GOP demanded retraction of a DHS report on right-wing domestic terrorism—which we now are seeing more frequently
Under George W. Bush, the Department of Homeland Security wrote reports evaluating terrorism threats from various sources, including domestic left-wing terrorism and (in a separate report) domestic right-wing terrorism. The report was not finalized and released until Barack Obama took office, and the Republicans in Congress went berserk, though only about the report on the likelihood of right-wing domestic terrorists.
Conservatives are extremely tribal, much like the Taliban, and place an extremely high value on loyalty. They perceived the report an attack on members of their tribe—who unfortunately were involved in domestic terrorism, but still a member of the conservative tribe, to be defended at all costs, particularly since the report came out when a Democratic administration was in office (though the report had been initiated and completed under a Republican administration, that of George W. Bush).
Now the chickens so assiduously protected and ignored are coming home to roost. Curtis Tate reports at McClatchy:
In April 2009, Daryl Johnson found himself caught in a firestorm because of a report he’d authored at the Department of Homeland Security.
It warned of a surge in activity by right-wing groups, including militias, white supremacists, anti-government activists and others motivated by racial grievance toward the nation’s first black president and the consequences of a faltering economy.
Republicans in Congress slammed the report as an attack on conservatives. Then-Homeland Security Secretary Janet Napolitano apologized for the report and it was withdrawn. Johnson’s unit was disbanded.
Nearly eight years later, Johnson’s warnings have proved prescient in a string of incidents from the murders of a Kansas abortion doctor and a security guard at the Holocaust Memorial Museum in Washington to mass shootings at a Sikh temple in Wisconsin and an African-American church in South Carolina.
And last week, a foiled alleged plot by three militiamen to attack an apartment complex inhabited by Muslim Somali immigrants in western Kansas further demonstrated that it isn’t just foreign terrorists or those sympathetic to them that Americans have to worry about.
“This is exactly the type of threat we were talking about,” said Johnson, who’s now a homeland security consultant. “It’s continued to grow over the past eight years.”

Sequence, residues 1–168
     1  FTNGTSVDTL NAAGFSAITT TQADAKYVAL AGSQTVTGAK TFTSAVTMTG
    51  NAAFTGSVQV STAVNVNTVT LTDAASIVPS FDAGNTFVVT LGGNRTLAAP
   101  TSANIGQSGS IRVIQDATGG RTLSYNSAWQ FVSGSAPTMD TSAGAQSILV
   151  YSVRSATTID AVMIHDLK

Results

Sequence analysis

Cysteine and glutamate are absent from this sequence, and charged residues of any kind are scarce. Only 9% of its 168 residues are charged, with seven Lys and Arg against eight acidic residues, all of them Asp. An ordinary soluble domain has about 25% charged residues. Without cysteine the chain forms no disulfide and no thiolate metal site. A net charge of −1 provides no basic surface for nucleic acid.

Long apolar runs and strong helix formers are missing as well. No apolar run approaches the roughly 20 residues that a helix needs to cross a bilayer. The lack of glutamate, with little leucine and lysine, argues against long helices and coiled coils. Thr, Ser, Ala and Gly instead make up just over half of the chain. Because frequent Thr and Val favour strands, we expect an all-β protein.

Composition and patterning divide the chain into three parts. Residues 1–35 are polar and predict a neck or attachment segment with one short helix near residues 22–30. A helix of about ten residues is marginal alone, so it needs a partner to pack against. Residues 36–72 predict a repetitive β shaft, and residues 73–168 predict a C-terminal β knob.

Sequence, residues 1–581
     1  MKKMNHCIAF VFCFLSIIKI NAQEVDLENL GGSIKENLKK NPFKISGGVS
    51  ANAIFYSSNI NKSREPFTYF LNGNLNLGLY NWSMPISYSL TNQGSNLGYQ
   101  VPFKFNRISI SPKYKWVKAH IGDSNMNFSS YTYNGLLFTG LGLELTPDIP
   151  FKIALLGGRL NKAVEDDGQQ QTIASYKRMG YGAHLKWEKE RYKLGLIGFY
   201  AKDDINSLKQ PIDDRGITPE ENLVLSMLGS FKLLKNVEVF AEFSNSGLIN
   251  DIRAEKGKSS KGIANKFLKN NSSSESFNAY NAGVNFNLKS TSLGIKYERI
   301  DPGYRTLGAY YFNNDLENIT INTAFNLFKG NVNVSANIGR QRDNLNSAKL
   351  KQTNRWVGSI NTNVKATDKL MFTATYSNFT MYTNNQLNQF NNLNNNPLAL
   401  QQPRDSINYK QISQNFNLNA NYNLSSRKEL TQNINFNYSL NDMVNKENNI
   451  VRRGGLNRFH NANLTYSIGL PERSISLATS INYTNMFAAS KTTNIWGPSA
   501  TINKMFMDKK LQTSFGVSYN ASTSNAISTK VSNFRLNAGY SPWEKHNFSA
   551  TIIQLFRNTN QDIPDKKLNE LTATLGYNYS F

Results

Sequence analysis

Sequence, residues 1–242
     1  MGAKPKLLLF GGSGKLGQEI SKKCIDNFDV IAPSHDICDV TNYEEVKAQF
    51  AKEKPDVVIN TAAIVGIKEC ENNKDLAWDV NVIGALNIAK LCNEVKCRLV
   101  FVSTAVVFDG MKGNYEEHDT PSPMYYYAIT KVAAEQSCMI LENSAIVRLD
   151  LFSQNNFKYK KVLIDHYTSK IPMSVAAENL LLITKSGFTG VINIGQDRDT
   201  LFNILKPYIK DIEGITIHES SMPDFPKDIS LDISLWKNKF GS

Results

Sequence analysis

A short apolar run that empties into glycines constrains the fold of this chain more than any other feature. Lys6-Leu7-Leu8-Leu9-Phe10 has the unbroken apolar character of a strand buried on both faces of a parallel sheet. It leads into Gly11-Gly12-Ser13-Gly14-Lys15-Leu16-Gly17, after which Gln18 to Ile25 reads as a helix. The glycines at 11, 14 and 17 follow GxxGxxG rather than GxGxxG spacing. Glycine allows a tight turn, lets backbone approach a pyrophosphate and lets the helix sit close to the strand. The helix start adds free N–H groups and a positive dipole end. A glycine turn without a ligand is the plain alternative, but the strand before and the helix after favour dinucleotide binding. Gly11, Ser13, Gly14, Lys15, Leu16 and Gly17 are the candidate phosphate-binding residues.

Three Kansas men – Curtis Allen, 49, Gavin Wright, 49, and Patrick Stein, 47 – were indicted by a federal grand jury Wednesday with one count of conspiring to use a weapon of mass destruction. The three are accused of plotting to detonate truck bombs around the complex in Garden City, Kansas, where 120 people live and worship.
The FBI arrested the men last Friday in Liberal, Kansas, after an undercover investigation.
According to a complaint filed last week in the U.S. District Court for the Western District of Kansas, the men belonged to a militia group called the Crusaders, known for its anti-immigrant, anti-Muslim and anti-government views.
The group referred to the Somali immigrants, who work at a local meatpacking plant, as “cockroaches,” the complaint said.
The men had discussed using rocket-propelled grenades to attack the complex, proposed dipping bullets in pig’s blood and even considered something similar to the fertilizer-and-fuel-oil combination Timothy McVeigh used in the Oklahoma City bombing in 1995, according to the complaint.
“I’ll blow every goddamn building up right there,” Stein allegedly said.
The three even talked about attacking area churches that supported the Somali migrants, according to the complaint, and said they wouldn’t even spare the children any mercy.
“The only good Muslim is a dead Muslim,” Stein allegedly said.
According to the Southern Poverty Law Center, which tracks the activities of extremist groups, the number of anti-Muslim hate groups has increased 42 percent since 2014.
“This is just symptomatic of the really unprecedented rise in anti-Muslim bigotry in our society,” said Ibrahim Hooper, a spokesman for the Council on American-Islamic Relations.
Hooper and others say the federal government’s focus on terrorism from abroad, or domestic terrorism carried out by people sympathetic to foreign terrorist groups, is diverting attention from threats against Muslims and where they live and worship.
“The attitude seems to be it cannot be terrorism unless a Muslim commits an act of violence,” he said.
Hooper said Republican presidential candidate Donald Trump had fueled anti-Muslim bias by calling for, among other things, a ban on Muslims entering the country and widespread surveillance of mosques.
“All of this stuff adds up,” he said.
The suspects in Kansas allegedly were planning to carry out their attack Nov. 9 – the day after Election Day. Trump’s campaign has struggled in recent weeks, and he’s fallen behind Democrat Hillary Clinton in the polls.
“The militia and anti-government types are using the election to recruit more people and fuel more paranoia,” Johnson said. . .
More at the link, including video.